Utilitarianism vs LONANG, in brief

Bix holds that “[i]t is difficult to argue with the [utilitarian] position that pleasure and happiness are good, pain and unhappiness are bad, and in nearly every circumstances it is better if the good things can be maxmi[z]ed and the bad things minmi[z]ed.”[1]

Ironically, Bix then easily argues with the position: “[t]he problem for Utilitarian[ism] . . . is to determine when the increased pleasure or happiness or welfare of a few . . . can justify suffering and sacrifice by the remainder.”[2] Just as it is not hard at all to argue against utilitarianism, so too it is not a “problem for Utilitarianism” that it can justify some people expediently inflicting suffering and sacrifice onto others: that infliction is not a problem for Utilitarianism but rather a feature of Utilitarianism.

(A) Two Utilitarian Inevitabilities: Expedient Sterilization, and Expedient Killing

(1) Expedient Sterilization. Utilitarianism’s expedient infliction of suffering onto others arose in Buck v. Bell,[3] wherein Justice Holmes declared the social value of destroying a woman’s fallopian tubes—sterilizing her against her will—because “[t]hree generations of imbeciles are enough.”[4]

(2) Expedient Killing. Moreover, Utilitarianism’s expedient infliction of suffering onto others arises in no place more plainly than when a Republican woman on the Supreme Court opined that it is unlawful for laws to “unduly burden” a woman who seeks to kill her child for convenience;[5] and when Holmes spoke of doctors as knowing “whether [unborn children] [should] live at all, or remain unrealized possibilities, as belonging to a stock not worth being perpetuated.”[6]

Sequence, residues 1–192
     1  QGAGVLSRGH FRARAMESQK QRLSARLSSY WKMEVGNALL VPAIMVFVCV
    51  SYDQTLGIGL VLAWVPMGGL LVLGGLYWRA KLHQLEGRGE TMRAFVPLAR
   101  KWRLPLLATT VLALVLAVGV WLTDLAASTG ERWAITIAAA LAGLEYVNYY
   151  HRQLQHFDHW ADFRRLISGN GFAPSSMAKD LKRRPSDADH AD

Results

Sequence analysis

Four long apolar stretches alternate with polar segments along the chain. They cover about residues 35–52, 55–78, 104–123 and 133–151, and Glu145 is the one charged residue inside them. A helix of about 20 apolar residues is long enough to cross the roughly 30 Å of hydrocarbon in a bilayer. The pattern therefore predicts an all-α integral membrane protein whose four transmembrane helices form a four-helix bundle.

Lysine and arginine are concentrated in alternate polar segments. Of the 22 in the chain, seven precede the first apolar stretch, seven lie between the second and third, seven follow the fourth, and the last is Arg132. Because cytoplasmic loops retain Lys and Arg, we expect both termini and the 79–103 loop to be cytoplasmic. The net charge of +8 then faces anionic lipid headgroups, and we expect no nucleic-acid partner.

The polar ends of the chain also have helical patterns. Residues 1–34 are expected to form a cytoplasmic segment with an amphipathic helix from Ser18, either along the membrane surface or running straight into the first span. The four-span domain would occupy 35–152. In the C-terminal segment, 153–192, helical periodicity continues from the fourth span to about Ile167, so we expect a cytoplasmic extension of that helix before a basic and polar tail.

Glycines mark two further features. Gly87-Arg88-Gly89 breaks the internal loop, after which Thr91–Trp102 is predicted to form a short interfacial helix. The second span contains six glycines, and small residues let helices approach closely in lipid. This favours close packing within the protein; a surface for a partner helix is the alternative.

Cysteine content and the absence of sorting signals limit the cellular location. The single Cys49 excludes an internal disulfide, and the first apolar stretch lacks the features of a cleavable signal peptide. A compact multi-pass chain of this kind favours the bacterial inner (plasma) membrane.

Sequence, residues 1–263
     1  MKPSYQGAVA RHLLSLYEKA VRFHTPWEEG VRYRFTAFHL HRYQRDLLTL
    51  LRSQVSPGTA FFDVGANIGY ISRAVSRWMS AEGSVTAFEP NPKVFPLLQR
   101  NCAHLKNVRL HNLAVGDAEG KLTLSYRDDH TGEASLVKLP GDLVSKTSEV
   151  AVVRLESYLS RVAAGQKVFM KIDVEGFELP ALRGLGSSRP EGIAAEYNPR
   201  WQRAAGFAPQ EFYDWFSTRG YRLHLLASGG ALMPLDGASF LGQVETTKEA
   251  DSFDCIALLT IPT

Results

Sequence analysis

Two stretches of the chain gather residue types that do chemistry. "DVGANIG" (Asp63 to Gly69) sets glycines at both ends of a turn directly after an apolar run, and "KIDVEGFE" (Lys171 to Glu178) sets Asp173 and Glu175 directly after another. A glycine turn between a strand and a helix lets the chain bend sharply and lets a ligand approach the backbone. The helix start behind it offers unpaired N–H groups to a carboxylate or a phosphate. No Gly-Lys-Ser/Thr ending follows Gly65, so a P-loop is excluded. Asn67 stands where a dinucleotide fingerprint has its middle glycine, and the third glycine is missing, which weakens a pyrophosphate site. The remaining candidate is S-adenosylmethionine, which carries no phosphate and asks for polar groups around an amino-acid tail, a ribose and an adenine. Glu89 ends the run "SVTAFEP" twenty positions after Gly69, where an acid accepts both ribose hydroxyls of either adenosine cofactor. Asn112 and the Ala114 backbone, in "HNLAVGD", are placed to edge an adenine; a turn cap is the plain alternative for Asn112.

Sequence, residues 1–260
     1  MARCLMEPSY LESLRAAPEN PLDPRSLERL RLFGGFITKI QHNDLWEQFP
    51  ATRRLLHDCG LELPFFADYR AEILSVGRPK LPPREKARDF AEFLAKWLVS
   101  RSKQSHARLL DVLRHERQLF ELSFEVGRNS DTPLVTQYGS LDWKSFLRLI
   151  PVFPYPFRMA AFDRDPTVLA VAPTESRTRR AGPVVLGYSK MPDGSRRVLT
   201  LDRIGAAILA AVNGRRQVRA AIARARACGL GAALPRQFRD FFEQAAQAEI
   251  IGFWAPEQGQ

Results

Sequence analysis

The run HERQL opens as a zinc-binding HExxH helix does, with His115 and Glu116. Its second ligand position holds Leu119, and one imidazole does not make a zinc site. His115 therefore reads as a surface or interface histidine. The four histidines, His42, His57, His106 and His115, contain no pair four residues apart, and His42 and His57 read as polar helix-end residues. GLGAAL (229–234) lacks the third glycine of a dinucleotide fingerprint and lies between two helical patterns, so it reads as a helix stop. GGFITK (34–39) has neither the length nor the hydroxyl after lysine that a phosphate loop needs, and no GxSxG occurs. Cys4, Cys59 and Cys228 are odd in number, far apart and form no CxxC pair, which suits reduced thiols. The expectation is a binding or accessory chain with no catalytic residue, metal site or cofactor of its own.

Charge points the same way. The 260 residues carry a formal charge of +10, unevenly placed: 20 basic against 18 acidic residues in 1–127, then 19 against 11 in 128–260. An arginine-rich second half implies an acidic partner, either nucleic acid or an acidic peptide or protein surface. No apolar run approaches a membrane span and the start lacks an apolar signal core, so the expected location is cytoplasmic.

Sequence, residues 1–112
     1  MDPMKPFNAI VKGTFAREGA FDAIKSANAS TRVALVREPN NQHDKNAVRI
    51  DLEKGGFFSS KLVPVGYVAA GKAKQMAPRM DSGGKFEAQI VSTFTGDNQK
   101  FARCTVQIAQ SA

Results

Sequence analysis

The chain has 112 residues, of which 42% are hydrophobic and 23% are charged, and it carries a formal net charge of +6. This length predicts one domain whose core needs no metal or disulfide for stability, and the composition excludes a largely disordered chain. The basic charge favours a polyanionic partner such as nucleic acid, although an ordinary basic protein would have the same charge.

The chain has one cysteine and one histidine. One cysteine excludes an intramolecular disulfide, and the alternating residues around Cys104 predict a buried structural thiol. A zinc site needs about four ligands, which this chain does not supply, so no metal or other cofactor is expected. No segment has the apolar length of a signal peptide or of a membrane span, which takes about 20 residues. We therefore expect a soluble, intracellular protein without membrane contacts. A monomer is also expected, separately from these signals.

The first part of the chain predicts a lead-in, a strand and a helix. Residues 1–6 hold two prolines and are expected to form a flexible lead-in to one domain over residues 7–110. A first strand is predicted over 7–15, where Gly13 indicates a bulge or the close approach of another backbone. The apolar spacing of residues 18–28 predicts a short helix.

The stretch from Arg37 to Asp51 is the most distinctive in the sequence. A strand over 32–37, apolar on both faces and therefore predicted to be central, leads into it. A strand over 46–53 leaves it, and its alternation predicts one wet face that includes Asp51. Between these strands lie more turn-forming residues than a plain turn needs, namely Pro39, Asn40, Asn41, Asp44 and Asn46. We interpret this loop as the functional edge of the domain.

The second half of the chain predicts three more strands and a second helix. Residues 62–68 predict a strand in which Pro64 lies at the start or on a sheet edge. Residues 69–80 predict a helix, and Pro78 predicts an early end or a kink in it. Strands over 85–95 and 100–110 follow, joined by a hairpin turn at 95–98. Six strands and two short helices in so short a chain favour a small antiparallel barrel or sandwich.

(B) LONANG. Another term for Utilitarianism’s obsession with chasing pleasure and fleeing from pain—is hedonism. No less than LONANG warns against the hedonism of Utilitarianism: “But the one who is living for self-gratification is dead while [they] live[].”[7]

Notes

1. Brian H. Bix, Jurisprudence Theory and Context, 227 (8th ed., 2019).

2. Id.

3. 274 U.S. 200 (1927).

4. Id. at 273 (“It is better for all the world if, instead of waiting to execute degenerate offspring for crime or to let them starve for their imbecility, society can prevent those who are manifestly unfit from continuing their kind. The principle that sustains [forced] vaccination is broad enough to cover [the forced] cutting [of a woman’s] Fallopian tubes. . . . .[:] Three generations of imbeciles are enough.” (citation omitted)).

5. Planned Parenthood v. Casey, 505 U.S. 833, 874 (1992) (“Only where state regulation imposes an undue burden on a woman’s ability to make this decision [to kill her child for convenience] does the power of the State reach into the heart of the liberty protected by the Due Process Clause.”).

6. Oliver Wendell Holmes, The young practitioner (1871) (“The young [doctor] knows his patient, but the old [doctor] knows also his patient’s family, dead and alive, up and down for generations. He can tell beforehand what diseases their unborn children will be subject to, what they will die of if they live long enough, and whether [the unborn children] [should] live at all, or remain unrealized possibilities, as belonging to a stock not worth being perpetuated.” (emphasis added)), https://www.gutenberg.org/files/2700/2700-h/2700-h.htm#link2H_4_0011.

7. First Tim. 5:6 (AFV).

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